About half way through the first disc we meet the first of Reger's Cello Sonatas and immediately we are plunged into a darker and more troubled musical world. I'll confess that these works take some getting used to, but they repay, and deserve, repeated listening. They are psychologically turbulent in a way that many of Reger's German-speaking contemporaries - and I'm thinking particularly of the Second Viennese School - aimed for but only occasionally achieved. There are many moments of brief repose from the swirling textures, but these only emphasise the complexity and trauma of the surrounding music. The four sonatas span Reger's short creative career, the first has Op. 5 the last Op. 116, and they can really be heard as a progression. Intense drama is present from the first note of the First Sonata, but it isn't until the Third and Fourth Sonatas that Reger's approach to the genre crystallises.

Kniazev and Oganessian give excellent readings of these works. Almost every movement of each of the sonatas is long and complex, and for an interpretation to be a success, the players must immerse themselves and their audience into the sound-worlds, which is exactly what happens. Most of the tempos are on the slow side, which may be in an attempt to provide clarity to the dense textures in the piano part, although that is surely a futile aim. As with the shorter pieces earlier on, the structural shape is always secured by Kniazev's thoughtful and expansive approach to the phasing. And however much the players try to elucidate Reger's textures, there are always going to be passages where chaos reins. Unlike in the shorter works, Reger rarely separates the cello out by writing in its higher register. So it is often the case that dense, harmonically ambitious, contrapuntal textures in the piano run in parallel to mid or low range writing in the cello. To the players' credit, they don't try to fight it, and the gloomy, muddy textures that result have their own kind of inexplicable beauty.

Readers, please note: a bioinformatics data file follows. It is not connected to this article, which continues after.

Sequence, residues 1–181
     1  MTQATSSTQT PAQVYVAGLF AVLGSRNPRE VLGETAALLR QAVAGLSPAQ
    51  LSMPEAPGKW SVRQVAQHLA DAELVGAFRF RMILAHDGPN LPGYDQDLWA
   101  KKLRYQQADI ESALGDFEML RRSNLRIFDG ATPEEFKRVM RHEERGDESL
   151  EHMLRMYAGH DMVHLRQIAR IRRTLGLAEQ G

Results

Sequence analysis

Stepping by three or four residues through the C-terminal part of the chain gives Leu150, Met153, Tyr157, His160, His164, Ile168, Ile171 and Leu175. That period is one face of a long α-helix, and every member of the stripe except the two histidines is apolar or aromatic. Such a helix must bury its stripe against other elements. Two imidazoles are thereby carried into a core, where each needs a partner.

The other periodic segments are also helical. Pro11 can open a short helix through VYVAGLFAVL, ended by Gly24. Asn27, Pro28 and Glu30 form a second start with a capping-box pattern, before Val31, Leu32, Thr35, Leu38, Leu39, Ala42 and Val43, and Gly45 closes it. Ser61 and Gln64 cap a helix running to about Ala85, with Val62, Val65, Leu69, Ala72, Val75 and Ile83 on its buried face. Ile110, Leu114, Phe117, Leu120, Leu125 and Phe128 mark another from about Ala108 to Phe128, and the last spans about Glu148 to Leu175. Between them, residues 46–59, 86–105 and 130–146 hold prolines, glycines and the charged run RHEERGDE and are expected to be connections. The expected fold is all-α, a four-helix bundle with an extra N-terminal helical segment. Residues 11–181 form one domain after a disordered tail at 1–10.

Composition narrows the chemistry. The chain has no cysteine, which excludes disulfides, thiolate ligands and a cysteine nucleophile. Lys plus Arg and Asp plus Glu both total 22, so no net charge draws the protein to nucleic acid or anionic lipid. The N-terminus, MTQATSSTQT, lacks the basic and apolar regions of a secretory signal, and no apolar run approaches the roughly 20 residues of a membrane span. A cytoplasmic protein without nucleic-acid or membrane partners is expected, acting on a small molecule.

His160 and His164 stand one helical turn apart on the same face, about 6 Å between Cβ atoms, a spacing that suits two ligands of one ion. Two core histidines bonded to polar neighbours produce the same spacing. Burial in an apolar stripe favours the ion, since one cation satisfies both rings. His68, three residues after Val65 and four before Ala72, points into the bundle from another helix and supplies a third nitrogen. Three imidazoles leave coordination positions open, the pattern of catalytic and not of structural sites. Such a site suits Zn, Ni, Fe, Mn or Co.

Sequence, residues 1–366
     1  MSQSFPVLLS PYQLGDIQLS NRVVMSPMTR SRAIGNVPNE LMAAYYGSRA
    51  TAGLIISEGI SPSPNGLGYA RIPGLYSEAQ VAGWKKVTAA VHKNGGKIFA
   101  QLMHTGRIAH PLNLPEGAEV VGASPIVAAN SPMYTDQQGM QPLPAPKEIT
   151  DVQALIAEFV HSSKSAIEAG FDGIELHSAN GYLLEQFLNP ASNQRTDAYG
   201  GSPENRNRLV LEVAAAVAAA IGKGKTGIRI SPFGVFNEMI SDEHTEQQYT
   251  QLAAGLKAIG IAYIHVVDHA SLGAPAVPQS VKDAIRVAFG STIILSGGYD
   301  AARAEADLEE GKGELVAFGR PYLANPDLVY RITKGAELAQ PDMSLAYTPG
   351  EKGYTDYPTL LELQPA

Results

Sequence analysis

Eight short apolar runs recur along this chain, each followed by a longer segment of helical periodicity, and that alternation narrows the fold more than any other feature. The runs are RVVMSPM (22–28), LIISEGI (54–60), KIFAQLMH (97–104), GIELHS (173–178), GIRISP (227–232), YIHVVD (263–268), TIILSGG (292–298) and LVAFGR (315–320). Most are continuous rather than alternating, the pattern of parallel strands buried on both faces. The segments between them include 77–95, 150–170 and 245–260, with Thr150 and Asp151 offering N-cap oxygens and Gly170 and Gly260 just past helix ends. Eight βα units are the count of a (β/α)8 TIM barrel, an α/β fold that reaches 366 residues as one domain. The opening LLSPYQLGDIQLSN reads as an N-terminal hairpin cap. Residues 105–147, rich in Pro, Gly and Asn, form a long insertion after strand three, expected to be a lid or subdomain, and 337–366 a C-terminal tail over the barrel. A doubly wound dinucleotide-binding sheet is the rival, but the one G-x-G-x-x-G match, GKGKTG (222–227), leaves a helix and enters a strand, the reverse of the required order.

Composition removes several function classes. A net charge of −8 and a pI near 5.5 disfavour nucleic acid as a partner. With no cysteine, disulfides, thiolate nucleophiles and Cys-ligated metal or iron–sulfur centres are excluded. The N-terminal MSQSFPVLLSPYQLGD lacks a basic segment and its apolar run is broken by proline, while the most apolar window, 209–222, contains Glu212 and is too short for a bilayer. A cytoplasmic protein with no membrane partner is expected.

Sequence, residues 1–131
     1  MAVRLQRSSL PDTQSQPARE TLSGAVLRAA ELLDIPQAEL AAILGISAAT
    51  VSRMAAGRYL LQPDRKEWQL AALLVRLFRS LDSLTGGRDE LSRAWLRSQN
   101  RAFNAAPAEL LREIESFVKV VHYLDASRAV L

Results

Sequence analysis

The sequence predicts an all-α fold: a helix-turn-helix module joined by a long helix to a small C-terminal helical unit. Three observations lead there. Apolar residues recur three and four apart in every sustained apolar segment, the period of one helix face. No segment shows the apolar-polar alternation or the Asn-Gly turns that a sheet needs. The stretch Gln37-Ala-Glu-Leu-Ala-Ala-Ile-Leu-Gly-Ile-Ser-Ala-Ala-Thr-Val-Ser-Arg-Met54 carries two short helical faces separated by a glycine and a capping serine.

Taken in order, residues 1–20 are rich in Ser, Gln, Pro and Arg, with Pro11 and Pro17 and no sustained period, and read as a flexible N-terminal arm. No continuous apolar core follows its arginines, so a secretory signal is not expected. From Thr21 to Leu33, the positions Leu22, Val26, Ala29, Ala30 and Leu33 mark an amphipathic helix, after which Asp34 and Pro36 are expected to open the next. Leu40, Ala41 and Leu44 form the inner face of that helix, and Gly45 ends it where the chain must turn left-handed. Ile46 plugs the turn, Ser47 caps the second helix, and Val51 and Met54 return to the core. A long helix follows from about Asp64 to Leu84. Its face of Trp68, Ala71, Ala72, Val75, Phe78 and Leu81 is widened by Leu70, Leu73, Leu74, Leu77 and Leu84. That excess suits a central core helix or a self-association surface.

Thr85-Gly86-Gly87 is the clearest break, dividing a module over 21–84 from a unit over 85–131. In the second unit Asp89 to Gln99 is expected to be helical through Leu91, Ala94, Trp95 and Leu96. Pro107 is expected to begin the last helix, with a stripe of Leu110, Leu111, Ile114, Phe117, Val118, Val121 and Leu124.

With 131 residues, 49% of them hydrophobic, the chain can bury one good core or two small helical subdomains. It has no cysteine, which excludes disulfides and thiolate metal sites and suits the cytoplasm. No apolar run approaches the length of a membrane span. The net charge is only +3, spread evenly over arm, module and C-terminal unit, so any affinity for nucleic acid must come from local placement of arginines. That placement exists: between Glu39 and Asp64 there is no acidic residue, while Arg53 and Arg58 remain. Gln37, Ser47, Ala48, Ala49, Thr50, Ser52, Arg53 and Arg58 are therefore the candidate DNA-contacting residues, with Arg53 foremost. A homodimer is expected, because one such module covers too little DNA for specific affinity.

If all that sounds a bit masochistic, relief comes in the form of some truly beautiful slow movements. They are not all exempt from Reger's megalomaniac tendencies. In fact, they work best when they are at their most involved. For me, the highlight of this set is the largo third movement to the Op.116 Sonata. Here we have long, heartfelt melodies, played out over harmonically complex but texturally straightforward piano textures. Again, the performers take it slow, but their aim here is atmosphere rather than clarity. It comes in at almost 14 minutes, quite a contrast to the Gerhard Mantel/Erika Frieser recording of 1972 (Da Capo 77 503 – dreadful, avoid at all costs) which clocks in at 9 minutes. At this slower pace, Reger's many moments of repose have a dreamy, transcendental quality that really elevates proceedings.